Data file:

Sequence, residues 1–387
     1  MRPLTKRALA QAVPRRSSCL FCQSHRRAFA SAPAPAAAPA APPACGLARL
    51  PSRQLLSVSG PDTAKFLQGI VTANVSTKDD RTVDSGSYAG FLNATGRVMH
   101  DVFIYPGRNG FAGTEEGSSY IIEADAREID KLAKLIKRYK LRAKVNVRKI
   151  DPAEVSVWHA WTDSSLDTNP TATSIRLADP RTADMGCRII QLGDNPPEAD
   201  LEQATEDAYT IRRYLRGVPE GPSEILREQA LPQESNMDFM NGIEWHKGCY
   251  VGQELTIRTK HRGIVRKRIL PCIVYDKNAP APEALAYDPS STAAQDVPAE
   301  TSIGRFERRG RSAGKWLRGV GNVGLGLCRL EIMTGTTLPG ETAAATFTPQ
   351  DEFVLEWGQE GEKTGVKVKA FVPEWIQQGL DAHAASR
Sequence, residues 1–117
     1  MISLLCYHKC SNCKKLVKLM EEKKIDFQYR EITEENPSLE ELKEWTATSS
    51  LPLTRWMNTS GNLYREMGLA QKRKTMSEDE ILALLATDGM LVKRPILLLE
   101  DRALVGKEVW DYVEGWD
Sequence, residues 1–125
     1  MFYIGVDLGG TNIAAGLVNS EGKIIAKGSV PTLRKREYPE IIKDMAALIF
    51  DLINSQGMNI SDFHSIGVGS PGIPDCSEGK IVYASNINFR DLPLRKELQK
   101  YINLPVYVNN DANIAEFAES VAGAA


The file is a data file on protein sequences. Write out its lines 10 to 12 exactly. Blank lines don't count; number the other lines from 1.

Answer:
Sequence, residues 1–117
     1  MISLLCYHKC SNCKKLVKLM EEKKIDFQYR EITEENPSLE ELKEWTATSS
    51  LPLTRWMNTS GNLYREMGLA QKRKTMSEDE ILALLATDGM LVKRPILLLE